PROVIDENCE — The donation from afar was one of goodwill and caring for the safety of those ministering to the most vulnerable in the Diocese of Providence.
Last fall, Bishop John Baptist Jung Shin-chul, the third Bishop of the Catholic Diocese of Incheon, South Korea, sent 5,000 Korean-made KF94 safety breathing masks to help support the outreach work of the Diocese of Providence.
Two of Bishop Jung Shin-chul’s diocesan priests, Father Peter H. Lee and Father Peter J. (Jaekyu) Lee, are currently serving in the Providence Diocese.
“My bishop thinks the Diocese of Providence is a good friend of the Diocese of Incheon, so he was concerned about the people in the Diocese of Providence. He wanted to keep them safe so that’s why he sent the masks,” said Father Peter J. Lee, 48, who was ordained in South Korea in 2001 and currently ministers to the Korean Catholic community in Rhode Island, while in residence at St. Paul Church, Cranston.
Father Peter H. Lee, ordained in South Korea in 2017, currently serves as associate pastor of St. Augustine Church, Providence.
He said that his bishop was happy to express his good will to the people of the diocese here by sending a Korean made product that is especially needed to save lives during the COVID-19 pandemic.
“The Korean masks are of good quality, so my bishop really wanted to give them to the Diocese of Providence as a sign of a good relationship,” Father Peter H. Lee said.
When received by the Diocese of Providence, the masks were divided among crucial ministries performing outreach to those most in need.
Staff at the St. Martin de Porres senior center and the Emmanuel House homeless shelter, both agencies of the diocese’s department of Catholic Charities and Social Ministry, received the masks to help keep both their clients and themselves as safe as possible with their outreach, despite the pandemic, never slowing down.
Linda A’Vant-Deishinni, director of the diocesan St. Martin de Porres Center, was grateful for Bishop Jung Shin-chul’s generous gift.
“It was a big blessing for us,” A’Vant-Deishinni said. “What a wonderful gift to send to us.”
Although traditional senior activities at the center had to be curtailed at the onset of the health emergency, many seniors still come to the center, albeit socially distanced, to pick up food and care packages to help them meet their needs at home.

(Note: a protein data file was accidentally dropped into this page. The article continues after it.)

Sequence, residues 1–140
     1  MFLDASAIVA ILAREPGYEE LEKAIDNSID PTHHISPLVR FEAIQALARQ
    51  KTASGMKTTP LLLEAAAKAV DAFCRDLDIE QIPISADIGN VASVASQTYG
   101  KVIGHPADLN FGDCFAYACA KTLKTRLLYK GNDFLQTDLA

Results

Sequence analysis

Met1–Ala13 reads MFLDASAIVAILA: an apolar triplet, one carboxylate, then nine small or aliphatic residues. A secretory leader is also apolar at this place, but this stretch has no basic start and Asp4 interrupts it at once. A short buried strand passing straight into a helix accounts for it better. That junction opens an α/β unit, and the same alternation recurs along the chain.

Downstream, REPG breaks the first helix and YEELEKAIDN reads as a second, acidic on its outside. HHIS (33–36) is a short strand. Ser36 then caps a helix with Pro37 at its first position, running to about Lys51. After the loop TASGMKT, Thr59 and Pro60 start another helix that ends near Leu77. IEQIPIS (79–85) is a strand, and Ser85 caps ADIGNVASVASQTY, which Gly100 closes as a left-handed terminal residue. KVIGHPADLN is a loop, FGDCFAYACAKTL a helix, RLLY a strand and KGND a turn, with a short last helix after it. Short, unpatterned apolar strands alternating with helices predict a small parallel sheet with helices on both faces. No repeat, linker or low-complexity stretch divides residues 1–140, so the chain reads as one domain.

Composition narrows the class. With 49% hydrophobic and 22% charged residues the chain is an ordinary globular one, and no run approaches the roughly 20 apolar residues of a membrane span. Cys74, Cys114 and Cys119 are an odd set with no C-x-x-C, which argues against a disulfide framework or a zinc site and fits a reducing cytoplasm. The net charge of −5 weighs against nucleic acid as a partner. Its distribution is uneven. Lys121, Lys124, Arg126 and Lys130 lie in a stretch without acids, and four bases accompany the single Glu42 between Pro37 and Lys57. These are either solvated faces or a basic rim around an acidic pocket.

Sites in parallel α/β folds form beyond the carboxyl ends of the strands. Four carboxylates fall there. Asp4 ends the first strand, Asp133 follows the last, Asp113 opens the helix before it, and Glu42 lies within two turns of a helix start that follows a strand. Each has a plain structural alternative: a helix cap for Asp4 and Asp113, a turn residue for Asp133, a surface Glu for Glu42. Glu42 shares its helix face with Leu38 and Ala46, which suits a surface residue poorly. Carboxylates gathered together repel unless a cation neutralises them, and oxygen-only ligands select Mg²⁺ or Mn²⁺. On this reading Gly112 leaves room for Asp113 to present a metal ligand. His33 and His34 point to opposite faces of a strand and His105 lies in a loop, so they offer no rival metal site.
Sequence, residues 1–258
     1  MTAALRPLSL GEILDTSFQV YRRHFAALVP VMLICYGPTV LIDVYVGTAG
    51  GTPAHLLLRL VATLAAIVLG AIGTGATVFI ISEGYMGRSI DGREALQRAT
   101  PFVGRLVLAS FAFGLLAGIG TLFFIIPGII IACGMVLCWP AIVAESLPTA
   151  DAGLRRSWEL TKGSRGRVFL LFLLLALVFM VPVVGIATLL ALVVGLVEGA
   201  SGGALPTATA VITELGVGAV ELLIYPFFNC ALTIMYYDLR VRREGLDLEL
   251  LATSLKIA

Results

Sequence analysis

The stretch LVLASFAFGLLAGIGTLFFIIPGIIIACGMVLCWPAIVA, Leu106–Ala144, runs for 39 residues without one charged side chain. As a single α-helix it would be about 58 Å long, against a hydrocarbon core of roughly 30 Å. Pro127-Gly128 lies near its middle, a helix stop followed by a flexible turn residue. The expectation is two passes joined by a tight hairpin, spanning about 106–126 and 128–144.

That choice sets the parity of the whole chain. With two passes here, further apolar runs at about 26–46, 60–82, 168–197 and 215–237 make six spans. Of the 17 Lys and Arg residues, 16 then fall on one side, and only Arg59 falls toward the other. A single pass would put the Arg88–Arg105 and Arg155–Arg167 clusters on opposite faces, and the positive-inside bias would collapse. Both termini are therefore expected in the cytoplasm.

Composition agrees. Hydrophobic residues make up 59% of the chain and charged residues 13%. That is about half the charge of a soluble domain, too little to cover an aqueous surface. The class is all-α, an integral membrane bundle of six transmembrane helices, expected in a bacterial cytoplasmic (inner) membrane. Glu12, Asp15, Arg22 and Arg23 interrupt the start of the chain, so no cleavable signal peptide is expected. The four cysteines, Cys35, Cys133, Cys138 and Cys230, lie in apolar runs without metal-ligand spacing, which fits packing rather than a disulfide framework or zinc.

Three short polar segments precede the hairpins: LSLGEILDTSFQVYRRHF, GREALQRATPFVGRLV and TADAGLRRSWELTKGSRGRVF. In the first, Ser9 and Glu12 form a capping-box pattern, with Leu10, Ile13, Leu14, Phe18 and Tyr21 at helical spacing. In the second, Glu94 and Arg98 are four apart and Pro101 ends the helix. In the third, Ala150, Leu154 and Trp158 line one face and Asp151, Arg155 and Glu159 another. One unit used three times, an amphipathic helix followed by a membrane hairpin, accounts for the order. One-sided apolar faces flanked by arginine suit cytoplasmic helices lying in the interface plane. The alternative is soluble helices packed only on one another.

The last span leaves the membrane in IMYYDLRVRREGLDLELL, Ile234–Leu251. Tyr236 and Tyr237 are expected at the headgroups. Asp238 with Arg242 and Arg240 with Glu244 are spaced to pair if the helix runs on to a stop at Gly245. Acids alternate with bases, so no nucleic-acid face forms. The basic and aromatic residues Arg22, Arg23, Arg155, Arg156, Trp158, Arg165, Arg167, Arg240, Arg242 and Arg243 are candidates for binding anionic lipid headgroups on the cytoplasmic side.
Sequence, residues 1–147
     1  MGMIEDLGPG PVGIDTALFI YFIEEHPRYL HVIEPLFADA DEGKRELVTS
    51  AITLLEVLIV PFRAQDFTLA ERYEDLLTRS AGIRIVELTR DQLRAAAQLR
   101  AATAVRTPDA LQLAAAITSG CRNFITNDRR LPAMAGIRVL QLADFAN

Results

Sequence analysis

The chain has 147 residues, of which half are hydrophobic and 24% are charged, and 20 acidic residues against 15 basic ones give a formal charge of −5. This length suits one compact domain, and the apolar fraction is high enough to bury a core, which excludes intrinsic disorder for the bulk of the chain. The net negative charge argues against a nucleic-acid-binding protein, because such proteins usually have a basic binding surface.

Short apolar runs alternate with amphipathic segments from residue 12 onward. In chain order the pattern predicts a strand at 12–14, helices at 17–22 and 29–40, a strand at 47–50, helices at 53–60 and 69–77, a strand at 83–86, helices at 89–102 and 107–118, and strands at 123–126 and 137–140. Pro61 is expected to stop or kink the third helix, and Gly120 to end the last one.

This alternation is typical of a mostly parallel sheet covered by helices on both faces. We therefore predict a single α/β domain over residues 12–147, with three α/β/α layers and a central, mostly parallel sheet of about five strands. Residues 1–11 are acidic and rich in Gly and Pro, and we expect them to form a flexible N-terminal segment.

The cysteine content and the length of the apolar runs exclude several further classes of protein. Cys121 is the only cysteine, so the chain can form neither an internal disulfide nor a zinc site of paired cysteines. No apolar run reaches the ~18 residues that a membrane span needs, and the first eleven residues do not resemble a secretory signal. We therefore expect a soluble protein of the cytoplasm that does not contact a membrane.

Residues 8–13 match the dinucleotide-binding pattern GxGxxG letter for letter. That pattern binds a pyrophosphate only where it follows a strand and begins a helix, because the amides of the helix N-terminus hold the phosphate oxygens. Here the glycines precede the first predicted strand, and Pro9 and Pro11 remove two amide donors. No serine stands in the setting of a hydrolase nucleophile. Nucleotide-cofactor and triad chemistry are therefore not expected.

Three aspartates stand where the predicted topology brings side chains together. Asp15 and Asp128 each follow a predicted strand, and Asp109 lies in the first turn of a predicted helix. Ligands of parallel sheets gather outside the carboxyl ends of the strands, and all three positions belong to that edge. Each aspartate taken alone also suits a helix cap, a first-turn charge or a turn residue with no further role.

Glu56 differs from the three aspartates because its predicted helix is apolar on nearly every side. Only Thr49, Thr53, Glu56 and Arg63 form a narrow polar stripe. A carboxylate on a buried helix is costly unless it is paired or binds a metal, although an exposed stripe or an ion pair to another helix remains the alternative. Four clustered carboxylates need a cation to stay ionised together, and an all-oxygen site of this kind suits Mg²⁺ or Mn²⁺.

The masks allow staff and volunteers to help care for their elderly clients in need.
“These are good quality masks. I love wearing them and wish I had a lot more of them because they protect us, especially in the work we’re doing. We’re all trying to protect ourselves, here, with so many volunteers, we’re trying to protect them and masks can be expensive,” A’Vant-Deishinni said.
The Emmanuel House homeless shelter in South Providence received about 2,000 of the masks for use by their staff.
“It’s been a tremendous gift; we use them every day,” said Dotty Perreault, director of Emmanuel House.
“A lot of the volunteers are elderly, and we do some outreach at camp sites around the city because people living there can’t go into a store or into a restaurant restroom or anywhere without a mask, and they don’t have access to masks.”
Secretary of Catholic Charities and Social Ministry James Jahnz said that some of the masks are also being used by staff working at the diocesan chancery building in their outreach work to the community.
“These masks are extremely helpful. They are very much needed and very much appreciated,” Jahnz said.
“We’re utilizing them in the main office when we have appointments coming in for immigration refugees, and we’re also using them here at the St. Martin de Porres Center for the seniors who are coming in. They are also a huge help at the shelter,” he added.
“What we know is that masks work, and this goes a long way to promote the safety of not only our clients and guests, but also our staff.”